During the last decade, resveratrol has been shown to possess a fascinating spectrum of pharmacologic properties. Multiple biochemical and molecular actions seem to contribute to resveratrol effects against precancerous or cancer cells. Resveratrol affects all three discrete stages of carcinogenesis (initiation, promotion, and progression) by modulating signal transduction pathways that control cell division and growth, apoptosis, inflammation, angiogenesis, and metastasis. The anticancer property of resveratrol has been supported by its ability to inhibit proliferation of a wide variety of human tumor cells in vitro. These . . . data have led to numerous preclinical animal studies to evaluate the potential of this drug for cancer chemoprevention and chemotherapy .
Recent studies in laboratory mice have found increased survival and lower incidence of several diseases and conditions associated with aging, but the results are contradictory. Protective effects have been found in mice fed a high-fat or a low-calorie diet, but one study found that mice fed a standard diet beginning at age 12 months did not live longer [15-17]. One of the studies was reported in a New York Times article which described how a researcher was taking resveratrol himself and had founded Sirtris Pharmaceuticals to develop chemicals that mimic the role of resveratrol but at much lower doses . GlaxoSmithKline acquired Sirtris for $720 million in 2007 and hopes to develop "drugs that target the sirtiuns, a recently discovered family of seven enzymes associated with the aging process." 
After reviewing the animal studies, the highly respected Medical Letter concluded: "Resveratrol appears to produce some of the same effects as calorie-restricted diets that have reduced the incidence of age-related diseases in animals. Whether it has any benefit in humans remains to be established."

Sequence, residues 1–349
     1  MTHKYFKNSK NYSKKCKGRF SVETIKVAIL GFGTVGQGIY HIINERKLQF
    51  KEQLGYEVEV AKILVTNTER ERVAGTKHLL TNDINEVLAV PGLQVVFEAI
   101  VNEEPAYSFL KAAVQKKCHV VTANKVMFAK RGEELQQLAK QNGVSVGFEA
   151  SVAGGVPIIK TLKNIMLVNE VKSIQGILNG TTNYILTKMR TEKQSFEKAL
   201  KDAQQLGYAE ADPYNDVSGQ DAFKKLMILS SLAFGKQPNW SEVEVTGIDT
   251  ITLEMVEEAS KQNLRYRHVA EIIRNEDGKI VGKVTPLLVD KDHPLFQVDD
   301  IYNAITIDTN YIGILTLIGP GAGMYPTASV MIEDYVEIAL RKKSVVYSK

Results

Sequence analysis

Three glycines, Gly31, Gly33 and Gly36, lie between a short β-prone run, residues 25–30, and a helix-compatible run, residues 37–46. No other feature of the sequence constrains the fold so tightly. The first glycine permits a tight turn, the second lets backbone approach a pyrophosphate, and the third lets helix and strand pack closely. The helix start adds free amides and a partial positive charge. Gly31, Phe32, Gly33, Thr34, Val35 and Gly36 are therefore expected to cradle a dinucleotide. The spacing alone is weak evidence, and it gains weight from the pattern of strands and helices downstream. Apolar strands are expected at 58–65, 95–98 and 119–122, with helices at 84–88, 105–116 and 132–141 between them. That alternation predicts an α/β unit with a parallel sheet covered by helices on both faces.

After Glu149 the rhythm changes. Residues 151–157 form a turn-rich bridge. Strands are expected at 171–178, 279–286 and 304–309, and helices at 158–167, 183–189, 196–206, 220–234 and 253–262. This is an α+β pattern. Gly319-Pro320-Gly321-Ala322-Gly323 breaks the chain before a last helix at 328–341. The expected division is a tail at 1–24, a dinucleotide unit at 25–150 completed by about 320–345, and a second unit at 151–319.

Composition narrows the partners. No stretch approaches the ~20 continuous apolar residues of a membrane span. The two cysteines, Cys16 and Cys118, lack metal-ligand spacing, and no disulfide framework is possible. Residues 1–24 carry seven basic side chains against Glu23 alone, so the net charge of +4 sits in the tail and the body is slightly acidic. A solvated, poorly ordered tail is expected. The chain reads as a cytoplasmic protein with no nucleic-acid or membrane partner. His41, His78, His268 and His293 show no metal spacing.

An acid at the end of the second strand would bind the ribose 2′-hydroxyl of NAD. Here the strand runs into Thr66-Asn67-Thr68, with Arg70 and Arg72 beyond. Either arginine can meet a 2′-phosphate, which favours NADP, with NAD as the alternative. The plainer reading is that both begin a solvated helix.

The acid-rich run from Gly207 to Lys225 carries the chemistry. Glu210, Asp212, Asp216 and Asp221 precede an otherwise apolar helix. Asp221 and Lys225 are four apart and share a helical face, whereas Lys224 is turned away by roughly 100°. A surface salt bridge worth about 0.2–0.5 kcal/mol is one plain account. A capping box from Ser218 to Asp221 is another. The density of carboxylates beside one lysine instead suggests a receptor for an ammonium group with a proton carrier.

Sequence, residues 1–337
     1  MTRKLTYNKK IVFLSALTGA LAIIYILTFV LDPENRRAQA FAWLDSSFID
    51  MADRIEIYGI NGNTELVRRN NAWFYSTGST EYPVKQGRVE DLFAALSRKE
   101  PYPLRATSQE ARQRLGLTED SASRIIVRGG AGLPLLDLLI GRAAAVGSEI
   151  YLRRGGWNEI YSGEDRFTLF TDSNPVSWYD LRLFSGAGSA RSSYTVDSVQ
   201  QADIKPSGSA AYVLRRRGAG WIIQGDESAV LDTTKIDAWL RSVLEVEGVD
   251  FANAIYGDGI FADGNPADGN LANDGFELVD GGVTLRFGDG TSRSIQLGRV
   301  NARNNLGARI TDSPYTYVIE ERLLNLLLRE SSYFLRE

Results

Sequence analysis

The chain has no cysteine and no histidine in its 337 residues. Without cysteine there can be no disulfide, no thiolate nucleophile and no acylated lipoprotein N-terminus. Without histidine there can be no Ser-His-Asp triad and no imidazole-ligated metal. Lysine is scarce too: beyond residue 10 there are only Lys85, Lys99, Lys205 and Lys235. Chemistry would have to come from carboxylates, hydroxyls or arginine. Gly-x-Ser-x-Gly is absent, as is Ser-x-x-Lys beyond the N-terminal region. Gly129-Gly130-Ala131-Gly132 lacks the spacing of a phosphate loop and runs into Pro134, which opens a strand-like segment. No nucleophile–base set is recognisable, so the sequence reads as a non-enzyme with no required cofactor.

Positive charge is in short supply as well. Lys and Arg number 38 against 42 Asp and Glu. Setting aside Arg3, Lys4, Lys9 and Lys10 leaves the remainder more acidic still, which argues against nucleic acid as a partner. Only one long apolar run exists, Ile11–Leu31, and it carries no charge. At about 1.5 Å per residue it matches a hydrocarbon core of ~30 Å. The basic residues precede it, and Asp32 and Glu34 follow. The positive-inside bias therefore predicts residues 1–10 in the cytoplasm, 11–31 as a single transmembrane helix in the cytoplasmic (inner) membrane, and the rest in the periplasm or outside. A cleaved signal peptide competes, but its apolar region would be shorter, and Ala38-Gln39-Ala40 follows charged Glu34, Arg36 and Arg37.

Caution Is Advisable
Although laboratory tests have demonstrated that resveratrol might help prevent cardiovascular disease and cancer, there are several reasons why a population-wide increase would be premature.
* The research on resveratrol has focused on its short-term effects and has been dominated by in vitro (laboratory) studies on non-human models.
* Not enough is known about the absorption and clearance of resveratrol, the identities of its metabolic products, or its effects on the liver.
* Resveratrol's role as a potentiator of breast carcinomas may significantly limit its use.
* Its main dietary source is red wine. Not only is its concentration in wine extremely variable, but recommending increased consumption of red wine to boost resveratrol intake could certainly do more harm than good. In spite of any beneficial aspects, red wine and other alcoholic beverages pose health risks that include liver damage and physical addiction. While taking resveratrol pills is certainly safer than heavy wine consumption, supplementing with unproven substances is generally unwise. At this point, occasional use of red wine seems far more prudent.
The Bottom Line
Epidemiologic studies can find associations between the consumption of foods or dietary supplements and various health outcomes. Animal experiments can demonstrate what can happen in the species tested. However, only human clinical trials can determine whether supplementation is useful for humans. Resveratrol has not been tested in clinical trials, and most clinical trials of other antioxidants have failed to demonstrate the benefits suggested by preliminary studies. Some substances—most notably beta-carotene—have even produced adverse effects. My advice is to ignore the hype surrounding resveratrol and eat a balanced diet that contains adequate amounts of fruits and vegetables.